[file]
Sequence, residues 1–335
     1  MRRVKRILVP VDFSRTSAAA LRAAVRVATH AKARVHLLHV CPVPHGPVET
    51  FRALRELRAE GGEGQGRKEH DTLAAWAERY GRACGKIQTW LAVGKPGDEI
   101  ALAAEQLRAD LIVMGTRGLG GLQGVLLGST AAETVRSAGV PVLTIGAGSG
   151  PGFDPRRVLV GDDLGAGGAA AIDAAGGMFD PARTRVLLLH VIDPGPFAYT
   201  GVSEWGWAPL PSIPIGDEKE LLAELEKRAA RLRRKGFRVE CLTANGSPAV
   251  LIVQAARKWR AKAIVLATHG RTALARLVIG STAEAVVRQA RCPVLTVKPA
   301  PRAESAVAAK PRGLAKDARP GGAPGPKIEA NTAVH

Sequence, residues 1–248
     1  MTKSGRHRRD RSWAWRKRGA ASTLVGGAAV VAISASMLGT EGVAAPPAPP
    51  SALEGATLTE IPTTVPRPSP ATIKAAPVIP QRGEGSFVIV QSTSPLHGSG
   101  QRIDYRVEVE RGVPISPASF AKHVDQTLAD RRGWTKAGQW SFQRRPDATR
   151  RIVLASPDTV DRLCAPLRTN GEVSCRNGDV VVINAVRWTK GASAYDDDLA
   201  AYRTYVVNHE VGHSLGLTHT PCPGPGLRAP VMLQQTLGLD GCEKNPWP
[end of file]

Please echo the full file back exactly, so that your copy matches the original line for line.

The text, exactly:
Sequence, residues 1–335
     1  MRRVKRILVP VDFSRTSAAA LRAAVRVATH AKARVHLLHV CPVPHGPVET
    51  FRALRELRAE GGEGQGRKEH DTLAAWAERY GRACGKIQTW LAVGKPGDEI
   101  ALAAEQLRAD LIVMGTRGLG GLQGVLLGST AAETVRSAGV PVLTIGAGSG
   151  PGFDPRRVLV GDDLGAGGAA AIDAAGGMFD PARTRVLLLH VIDPGPFAYT
   201  GVSEWGWAPL PSIPIGDEKE LLAELEKRAA RLRRKGFRVE CLTANGSPAV
   251  LIVQAARKWR AKAIVLATHG RTALARLVIG STAEAVVRQA RCPVLTVKPA
   301  PRAESAVAAK PRGLAKDARP GGAPGPKIEA NTAVH

Sequence, residues 1–248
     1  MTKSGRHRRD RSWAWRKRGA ASTLVGGAAV VAISASMLGT EGVAAPPAPP
    51  SALEGATLTE IPTTVPRPSP ATIKAAPVIP QRGEGSFVIV QSTSPLHGSG
   101  QRIDYRVEVE RGVPISPASF AKHVDQTLAD RRGWTKAGQW SFQRRPDATR
   151  RIVLASPDTV DRLCAPLRTN GEVSCRNGDV VVINAVRWTK GASAYDDDLA
   201  AYRTYVVNHE VGHSLGLTHT PCPGPGLRAP VMLQQTLGLD GCEKNPWP